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Cook: Pitt's athletic empire slowly crumbling

Tuesday, May 06, 2003

These should be such marvelous times for Pitt athletics. The football team finished No. 19 in The Associated Press poll last season, won a consecutive bowl game for the first time in more than 20 years and should be better this fall. The menís basketball team won its first Big East Conference tournament championship, went to the NCAA tournamentís Round of 16 for the second consecutive year and should be a national title contender again next season despite a rookie head coach. The major facilities are world-class. Heinz Field is a palace compared to Pitt Stadium. The Petersen Events Center might be the nicest on-campus arena in the country.

So why is there this feeling that the empire Mark Nordenberg and Steve Pederson built is crumbling?

And that Nordenberg is the chief saboteur?

Things at Pitt appear to be in such chaos that itís hard to blame interim athletic director Marc Boehm for bailing out yesterday. After waiting more than five months to get word from Nordenberg that he was the guy to replace Pederson as Pittís AD, Boehm decided he couldnít wait any longer and accepted a long-standing job offer at Nebraska. There, heíll be reunited with Pederson, who left Pitt in December.

Good for Boehm.

Bad for Pitt.

Nordenbergís refusal to name an athletic director -- be it Boehm or someone else -- would be laughable if it werenít so serious. Itís almost as if he decided he could put the athletic department on auto pilot after Pederson -- the greatest person that ever happened to Pitt athletics -- moved on. Thatís the absolute last thing you would have expected from a chancellor who has done so much for the university, especially its sports programs.

Hereís an unsolicited tip for Nordenberg:

Pitt needs someone in charge of its athletic department now more than ever.

Yes, the football and basketball teams are better and the facilities are gorgeous. But there are new challenges every day. The biggest at the moment is the fragile state of the Big East Conference now that Miami and the Atlantic Coast Conference are talking marriage. If Miami jumps, the Big East will be finished as a football league. Pitt had better be prepared. Should it try to follow Miami to the ACC? Or should it beg Joe Paterno and the other Big Ten heavyweights to join their little club?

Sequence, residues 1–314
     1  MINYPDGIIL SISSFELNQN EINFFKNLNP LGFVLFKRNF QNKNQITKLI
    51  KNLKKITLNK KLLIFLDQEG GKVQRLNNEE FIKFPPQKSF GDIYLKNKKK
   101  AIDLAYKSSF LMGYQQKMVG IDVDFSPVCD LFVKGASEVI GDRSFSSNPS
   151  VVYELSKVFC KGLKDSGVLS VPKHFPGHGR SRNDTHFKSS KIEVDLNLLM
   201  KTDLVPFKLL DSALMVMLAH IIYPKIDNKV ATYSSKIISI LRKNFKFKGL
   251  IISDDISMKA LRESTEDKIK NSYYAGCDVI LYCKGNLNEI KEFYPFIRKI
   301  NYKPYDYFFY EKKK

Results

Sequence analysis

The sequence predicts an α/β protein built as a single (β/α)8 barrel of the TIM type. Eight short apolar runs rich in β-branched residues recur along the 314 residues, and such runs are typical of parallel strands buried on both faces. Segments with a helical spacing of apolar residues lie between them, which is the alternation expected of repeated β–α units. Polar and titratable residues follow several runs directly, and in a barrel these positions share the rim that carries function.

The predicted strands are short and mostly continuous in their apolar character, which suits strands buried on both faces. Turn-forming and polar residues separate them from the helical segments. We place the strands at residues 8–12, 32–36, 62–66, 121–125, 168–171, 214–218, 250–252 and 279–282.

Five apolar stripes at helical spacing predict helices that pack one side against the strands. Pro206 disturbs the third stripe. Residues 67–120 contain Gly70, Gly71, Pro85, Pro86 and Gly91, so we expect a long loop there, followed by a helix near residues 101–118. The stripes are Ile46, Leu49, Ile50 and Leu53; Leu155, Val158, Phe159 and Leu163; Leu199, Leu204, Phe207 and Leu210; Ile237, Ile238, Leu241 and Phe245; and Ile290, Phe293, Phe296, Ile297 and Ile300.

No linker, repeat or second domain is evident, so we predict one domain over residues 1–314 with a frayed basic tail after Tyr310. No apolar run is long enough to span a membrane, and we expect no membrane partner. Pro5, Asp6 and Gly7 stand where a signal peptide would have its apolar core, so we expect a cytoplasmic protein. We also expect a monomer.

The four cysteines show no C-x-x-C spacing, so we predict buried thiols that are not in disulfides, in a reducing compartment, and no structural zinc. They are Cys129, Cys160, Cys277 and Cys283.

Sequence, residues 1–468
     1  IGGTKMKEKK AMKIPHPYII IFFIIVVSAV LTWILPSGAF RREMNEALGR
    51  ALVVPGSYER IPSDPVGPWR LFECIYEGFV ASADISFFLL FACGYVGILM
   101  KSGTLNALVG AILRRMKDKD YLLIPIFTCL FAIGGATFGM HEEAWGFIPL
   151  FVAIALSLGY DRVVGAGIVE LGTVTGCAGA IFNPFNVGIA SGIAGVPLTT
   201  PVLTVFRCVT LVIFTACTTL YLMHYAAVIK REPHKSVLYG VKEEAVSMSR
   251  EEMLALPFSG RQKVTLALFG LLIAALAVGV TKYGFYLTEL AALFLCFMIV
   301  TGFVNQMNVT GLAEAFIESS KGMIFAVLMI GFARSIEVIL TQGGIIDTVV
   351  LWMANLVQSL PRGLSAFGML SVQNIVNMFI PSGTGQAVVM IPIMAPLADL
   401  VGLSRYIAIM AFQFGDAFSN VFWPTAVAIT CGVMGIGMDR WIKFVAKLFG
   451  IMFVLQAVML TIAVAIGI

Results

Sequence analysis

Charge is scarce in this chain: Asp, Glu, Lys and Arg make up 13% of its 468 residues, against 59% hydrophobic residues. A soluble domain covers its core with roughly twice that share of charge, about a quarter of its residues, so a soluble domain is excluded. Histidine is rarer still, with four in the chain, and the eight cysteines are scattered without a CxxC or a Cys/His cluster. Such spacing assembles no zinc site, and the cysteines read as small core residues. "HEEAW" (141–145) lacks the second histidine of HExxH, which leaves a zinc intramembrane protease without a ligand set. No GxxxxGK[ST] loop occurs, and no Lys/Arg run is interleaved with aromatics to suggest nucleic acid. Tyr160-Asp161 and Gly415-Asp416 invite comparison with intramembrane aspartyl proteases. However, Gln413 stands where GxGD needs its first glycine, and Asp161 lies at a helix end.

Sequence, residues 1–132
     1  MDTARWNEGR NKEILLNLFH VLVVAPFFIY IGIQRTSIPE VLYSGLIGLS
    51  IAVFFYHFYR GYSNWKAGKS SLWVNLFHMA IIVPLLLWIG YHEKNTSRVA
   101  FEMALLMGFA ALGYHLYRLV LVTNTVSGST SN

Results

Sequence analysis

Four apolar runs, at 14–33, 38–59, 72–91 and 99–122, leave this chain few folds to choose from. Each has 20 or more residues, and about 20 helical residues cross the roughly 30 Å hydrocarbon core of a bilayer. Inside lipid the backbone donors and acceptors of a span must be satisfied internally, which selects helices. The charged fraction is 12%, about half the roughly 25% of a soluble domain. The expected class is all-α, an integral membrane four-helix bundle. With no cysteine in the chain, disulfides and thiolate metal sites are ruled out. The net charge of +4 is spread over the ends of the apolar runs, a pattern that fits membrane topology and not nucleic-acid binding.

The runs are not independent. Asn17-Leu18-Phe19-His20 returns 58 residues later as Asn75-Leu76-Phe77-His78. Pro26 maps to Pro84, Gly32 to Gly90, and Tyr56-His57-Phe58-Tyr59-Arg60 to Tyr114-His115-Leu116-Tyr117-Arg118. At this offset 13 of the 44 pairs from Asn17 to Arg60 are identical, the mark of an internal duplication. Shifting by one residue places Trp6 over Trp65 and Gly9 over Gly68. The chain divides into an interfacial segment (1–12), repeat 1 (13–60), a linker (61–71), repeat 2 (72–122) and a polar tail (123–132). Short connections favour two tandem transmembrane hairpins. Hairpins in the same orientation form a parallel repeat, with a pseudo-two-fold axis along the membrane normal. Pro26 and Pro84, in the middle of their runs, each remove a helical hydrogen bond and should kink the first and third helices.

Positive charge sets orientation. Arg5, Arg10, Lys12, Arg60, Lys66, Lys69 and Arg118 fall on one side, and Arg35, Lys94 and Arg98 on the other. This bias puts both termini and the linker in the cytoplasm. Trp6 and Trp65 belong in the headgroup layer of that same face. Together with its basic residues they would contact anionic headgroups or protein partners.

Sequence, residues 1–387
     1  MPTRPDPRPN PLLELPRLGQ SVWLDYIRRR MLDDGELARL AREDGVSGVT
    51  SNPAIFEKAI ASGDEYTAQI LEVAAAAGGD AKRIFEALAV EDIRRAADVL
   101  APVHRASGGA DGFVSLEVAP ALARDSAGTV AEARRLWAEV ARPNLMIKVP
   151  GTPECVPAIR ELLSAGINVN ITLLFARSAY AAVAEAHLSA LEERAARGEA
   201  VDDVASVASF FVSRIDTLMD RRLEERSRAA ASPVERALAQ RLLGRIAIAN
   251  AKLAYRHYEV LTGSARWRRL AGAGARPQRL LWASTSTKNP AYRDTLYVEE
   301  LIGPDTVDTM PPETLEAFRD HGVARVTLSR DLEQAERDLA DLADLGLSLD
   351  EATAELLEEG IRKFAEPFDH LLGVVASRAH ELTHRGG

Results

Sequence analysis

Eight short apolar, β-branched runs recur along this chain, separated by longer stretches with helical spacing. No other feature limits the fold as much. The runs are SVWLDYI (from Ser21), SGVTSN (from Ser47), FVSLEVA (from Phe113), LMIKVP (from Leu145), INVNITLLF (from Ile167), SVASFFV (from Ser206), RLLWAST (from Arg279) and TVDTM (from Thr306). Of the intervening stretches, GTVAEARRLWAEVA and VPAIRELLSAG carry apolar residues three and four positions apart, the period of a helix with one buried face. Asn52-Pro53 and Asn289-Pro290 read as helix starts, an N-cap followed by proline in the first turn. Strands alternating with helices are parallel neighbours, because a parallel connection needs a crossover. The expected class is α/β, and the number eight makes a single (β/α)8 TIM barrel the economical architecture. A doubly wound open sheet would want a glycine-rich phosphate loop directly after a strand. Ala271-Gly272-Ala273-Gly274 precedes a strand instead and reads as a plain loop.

Somebody who knows college athletics needs to be there advising Nordenberg.

Pitt faces other issues, as well. At the top of the list is finding a way to put fannies in the seats at Heinz Field, Pedersonís only significant failure in his six years as athletic director. Pitt has drastically reduced many of its ticket prices for next season, which should lead to increased attendance but will be a long-term disaster if the football team doesnít put on a good show and win against a formidable home schedule that includes Notre Dame, Syracuse, Virginia Tech and Miami.

The womenís basketball program needs upgraded, a project Pitt gave last week to Coach Agnus Berenato after luring her from Georgia Tech with a lucrative contract. The soccer and track teams need a new on-campus facility.

Boehm did the best he could in his five months in charge and had an admirable run considering the circumstances. He was heavily involved in the football ticket-pricing plans as well as the firing of womenís basketball coach Traci Waites and the hiring of Berenato, who must be wondering what kind of mess she got herself into. He also had a hand in the promotion of menís basketball assistant Jamie Dixon as Ben Howlandís successor, a surprising and puzzling move that was criticized because of Dixonís lack of experience as a head coach.

But thereís no question Boehmís interim tag hurt Pitt, especially in its ridiculously brief search for Howlandís replacement. Wake Forestís Skip Prosser -- a Carnegie native -- was the first choice, but he turned the job down amid whispers he was wary of the Big Eastís unsteady future because of the Miami situation. Itís fair to assume he also had a problem with Boehmís tenuous status. This was going to be his final career move. He had the right to want to know for whom he would be working.

Sadly, Nordenberg didnít think it was important enough to tell Prosser.

That was a month ago. Prosser no longer cares who is going to run the show at Pitt, but the rest of us still want to know. Presumably, that includes Nordenberg, whose nationwide search for a replacement for Pederson never got past Boehm.

The poor man doesnít appear to have a clue in this case.

Unfortunately, it could get worse for Pitt before it gets better. If Nordenberg takes the same approach with the athletic directorís job that he did with the menís basketball position -- in other words, if he takes the easy way out again -- heíll promote his ticket manager next week.

Or maybe one of the assistant wrestling coaches.

Nothing would be surprising at Pitt these days.

Ron Cook can be reached at rcook@post-gazette.com or 412-263-1525.

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